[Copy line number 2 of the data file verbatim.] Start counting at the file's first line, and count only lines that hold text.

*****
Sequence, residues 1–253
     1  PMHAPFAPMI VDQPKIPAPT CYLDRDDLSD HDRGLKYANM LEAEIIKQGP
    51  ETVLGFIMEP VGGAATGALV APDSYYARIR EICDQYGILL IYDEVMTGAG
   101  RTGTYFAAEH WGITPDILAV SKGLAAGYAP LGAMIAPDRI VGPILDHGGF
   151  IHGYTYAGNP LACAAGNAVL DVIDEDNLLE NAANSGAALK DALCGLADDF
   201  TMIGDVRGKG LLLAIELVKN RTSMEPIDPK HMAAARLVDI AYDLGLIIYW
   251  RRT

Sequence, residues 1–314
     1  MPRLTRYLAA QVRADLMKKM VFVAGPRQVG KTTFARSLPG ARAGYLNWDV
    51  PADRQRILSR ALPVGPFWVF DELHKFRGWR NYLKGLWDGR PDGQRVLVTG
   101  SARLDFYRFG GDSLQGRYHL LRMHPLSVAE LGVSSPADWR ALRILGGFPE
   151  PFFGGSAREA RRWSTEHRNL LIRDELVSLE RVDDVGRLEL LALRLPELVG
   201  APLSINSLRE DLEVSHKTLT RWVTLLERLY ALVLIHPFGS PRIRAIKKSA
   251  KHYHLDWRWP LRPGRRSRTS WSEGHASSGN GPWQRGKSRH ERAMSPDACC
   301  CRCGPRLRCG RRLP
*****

     1  PMHAPFAPMI VDQPKIPAPT CYLDRDDLSD HDRGLKYANM LEAEIIKQGP